• Recurrent respiratory infections
• Cardiovascular anomalies (septal defects)
• Diaphragmatic hernia
• Genitourinary anomalies
• Meckel diverticulum
• Bifid uvula 


√, present sign; X, absent sign.

In 1968, Rimoin et al. proposed the term spondylocostal dysplasia for the localized malformations in the spine and ribs. In 1991, Karnes et al., based on radiographic findings, redefined the Jarcho-Levin syndrome in two types: spondylothoracic dysostosis and spondylocostal dysostosis. Mortier et al., in 1996, divided the defects of multiple segmentation into three categories: Jarcho-Levin syndrome (symmetrical thorax with crab-like appearance), spondylothoracic dysostosis and spondylocostal dysostosis; all of them with possible extraskeletal defects.7,17,19,20

Currently, the diagnosis of spondylocostal dysostosis is clinical and radiographic. However, there is a wide variety of imaging phenotypes described, which have been used to describe costal and vertebral abnormalities but also have generated confusion in the nomenclature. For this reason, the International Consortium for Vertebral Anomalies and Scoliosis (ICVAS) proposed an algorithm for ontogenic research. This algorithm simplifies the comparison and stratification of spinal (curvature, length), vertebral (normal, single or multiple segmentation and morphology), rib cage (symmetry, asymmetry, size, shape) and ribs (symmetry, asymmetry, number, fusion) defects.2,4,8

Chest wall deformities accompanied by neural tube defects and short stature secondary to spinal abnormalities are compatible with spondylocostal dysostosis, which is a rare genetic disorder with a prevalence of 0.25/10,000 live births.16 It belongs to a group of hereditary diseases characterized by multiple defects of vertebrae segmentation (hemivertebrae, agenesis, butterfly and hypoplastic vertebrae) with abnormalities of the ribs (fusion, agenesis, misalignment) associated with neural tube defects, such as hydrocephalus and the Arnold-Chiari malformation. Every neurological malformation that accompanies the syndrome is one of its components; for example, the dysgenesis of the corpus callosum, holoprosencephaly, and myelomeningocele (lumbosacral, thoracic or lumbar). Also, there may be other abnormalities such as renal, genitourinary, gastrointestinal, limb, and congenital heart defects.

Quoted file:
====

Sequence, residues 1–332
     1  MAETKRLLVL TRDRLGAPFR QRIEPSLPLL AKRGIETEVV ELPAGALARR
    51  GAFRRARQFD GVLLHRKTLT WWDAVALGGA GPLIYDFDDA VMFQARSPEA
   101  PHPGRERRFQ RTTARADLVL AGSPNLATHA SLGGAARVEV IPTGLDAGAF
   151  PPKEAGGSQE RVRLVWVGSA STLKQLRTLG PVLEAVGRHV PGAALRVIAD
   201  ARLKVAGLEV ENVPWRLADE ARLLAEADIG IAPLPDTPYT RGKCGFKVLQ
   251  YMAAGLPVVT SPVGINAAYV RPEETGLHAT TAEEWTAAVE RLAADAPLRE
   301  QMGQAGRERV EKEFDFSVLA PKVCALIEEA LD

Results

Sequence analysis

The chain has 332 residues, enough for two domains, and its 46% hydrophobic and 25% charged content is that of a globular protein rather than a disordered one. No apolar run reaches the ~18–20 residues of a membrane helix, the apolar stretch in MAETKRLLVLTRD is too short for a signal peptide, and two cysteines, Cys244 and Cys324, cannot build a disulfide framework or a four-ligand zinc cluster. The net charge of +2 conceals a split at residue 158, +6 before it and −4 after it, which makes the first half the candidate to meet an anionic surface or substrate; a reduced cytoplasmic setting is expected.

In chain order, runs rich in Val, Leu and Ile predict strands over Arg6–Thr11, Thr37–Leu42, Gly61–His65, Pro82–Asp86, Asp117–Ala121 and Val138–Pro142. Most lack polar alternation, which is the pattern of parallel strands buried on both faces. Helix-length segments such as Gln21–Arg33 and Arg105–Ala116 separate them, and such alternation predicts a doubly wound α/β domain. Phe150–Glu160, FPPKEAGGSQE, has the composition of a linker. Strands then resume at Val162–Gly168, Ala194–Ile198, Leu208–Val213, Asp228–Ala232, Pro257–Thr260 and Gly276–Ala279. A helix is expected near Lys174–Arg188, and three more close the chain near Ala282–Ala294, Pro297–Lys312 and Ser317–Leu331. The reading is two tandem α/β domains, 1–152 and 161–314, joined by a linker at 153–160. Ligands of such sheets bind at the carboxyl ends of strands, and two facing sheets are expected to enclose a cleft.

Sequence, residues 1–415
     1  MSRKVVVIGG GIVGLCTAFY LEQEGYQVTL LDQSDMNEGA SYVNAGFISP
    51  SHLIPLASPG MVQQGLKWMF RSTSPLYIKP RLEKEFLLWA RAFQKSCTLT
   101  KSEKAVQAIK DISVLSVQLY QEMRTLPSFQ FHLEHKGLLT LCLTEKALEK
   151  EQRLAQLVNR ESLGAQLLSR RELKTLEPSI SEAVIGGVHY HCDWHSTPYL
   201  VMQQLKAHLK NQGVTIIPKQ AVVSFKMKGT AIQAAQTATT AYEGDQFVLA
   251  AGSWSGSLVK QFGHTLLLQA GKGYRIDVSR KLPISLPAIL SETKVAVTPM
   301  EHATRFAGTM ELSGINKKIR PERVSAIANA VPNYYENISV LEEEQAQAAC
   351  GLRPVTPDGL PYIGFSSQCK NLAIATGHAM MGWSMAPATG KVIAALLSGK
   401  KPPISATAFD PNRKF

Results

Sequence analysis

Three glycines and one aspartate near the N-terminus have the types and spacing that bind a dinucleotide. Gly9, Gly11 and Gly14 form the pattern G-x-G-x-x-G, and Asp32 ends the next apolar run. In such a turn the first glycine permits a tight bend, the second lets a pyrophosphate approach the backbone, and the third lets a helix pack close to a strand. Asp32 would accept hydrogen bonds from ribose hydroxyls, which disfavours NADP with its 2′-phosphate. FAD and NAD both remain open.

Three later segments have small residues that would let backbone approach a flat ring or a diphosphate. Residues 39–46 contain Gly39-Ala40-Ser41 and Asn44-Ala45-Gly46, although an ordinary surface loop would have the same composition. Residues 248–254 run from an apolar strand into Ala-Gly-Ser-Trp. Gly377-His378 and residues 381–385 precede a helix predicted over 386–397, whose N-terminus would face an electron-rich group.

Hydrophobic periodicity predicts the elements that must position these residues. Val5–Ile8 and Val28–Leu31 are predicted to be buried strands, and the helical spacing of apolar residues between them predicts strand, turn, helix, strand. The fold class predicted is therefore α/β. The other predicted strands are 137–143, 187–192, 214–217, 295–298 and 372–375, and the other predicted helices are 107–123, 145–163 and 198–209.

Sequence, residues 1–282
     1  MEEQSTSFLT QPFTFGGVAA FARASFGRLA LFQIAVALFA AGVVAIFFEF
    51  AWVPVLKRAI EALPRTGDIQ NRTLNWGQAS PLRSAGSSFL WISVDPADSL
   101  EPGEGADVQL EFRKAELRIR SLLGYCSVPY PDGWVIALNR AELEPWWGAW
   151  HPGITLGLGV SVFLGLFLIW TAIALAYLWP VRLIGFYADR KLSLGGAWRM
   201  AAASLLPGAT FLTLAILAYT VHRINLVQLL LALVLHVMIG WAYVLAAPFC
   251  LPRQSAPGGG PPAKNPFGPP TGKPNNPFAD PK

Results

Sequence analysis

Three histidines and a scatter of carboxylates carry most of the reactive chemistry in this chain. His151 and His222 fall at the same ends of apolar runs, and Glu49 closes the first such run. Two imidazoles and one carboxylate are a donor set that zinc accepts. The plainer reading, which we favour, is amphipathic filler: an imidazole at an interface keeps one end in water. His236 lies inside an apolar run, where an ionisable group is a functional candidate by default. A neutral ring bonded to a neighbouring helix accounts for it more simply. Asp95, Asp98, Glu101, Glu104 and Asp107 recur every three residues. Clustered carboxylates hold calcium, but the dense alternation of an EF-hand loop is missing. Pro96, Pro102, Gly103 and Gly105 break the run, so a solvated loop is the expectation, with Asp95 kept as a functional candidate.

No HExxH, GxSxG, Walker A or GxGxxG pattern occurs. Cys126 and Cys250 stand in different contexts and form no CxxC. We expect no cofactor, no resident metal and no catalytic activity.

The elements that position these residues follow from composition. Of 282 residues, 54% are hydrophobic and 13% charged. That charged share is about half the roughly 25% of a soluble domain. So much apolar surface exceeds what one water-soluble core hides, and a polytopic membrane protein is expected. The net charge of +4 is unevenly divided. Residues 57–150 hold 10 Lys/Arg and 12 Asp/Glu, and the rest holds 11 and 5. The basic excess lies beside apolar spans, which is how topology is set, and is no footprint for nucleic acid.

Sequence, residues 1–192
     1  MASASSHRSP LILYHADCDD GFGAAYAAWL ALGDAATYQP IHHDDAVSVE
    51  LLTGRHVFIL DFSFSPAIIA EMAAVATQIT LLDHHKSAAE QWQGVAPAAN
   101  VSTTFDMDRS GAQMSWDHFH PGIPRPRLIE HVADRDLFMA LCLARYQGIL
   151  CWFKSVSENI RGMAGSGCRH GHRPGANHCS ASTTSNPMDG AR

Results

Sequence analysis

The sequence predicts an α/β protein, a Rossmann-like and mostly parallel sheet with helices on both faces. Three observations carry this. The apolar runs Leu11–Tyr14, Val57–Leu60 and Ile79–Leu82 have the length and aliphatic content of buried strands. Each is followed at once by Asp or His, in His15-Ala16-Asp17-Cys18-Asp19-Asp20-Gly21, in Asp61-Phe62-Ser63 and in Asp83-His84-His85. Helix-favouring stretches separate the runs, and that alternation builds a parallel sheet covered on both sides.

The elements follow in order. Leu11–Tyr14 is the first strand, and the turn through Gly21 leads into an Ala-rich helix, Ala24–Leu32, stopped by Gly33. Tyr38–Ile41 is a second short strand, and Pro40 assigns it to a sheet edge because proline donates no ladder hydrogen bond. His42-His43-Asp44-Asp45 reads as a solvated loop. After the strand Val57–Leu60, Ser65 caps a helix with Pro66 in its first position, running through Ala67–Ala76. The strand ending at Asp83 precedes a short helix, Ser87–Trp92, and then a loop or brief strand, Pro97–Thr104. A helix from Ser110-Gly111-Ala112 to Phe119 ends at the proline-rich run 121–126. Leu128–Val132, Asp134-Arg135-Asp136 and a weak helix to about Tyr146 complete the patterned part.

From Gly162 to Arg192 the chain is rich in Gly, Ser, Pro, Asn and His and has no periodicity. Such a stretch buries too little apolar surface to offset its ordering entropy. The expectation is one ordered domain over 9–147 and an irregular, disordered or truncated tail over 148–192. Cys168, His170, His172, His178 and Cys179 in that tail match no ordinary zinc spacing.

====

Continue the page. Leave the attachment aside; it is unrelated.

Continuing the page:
Skeletal anomalies should be detected on radiographs and ultrasonographic studies (cardiac, abdominal, and renal) to establish a diagnosis. Subsequently, the clinical and radiological findings should be considered to evaluate if they are consistent with any of the disorders included in the differential diagnosis. Also, the family history should be considered, especially the cases of affected individuals or consanguinity of the parents.

Once the diagnosis of spondylocostal dysostosis has been established, the radiographic phenotype is used to determine the possible genes involved.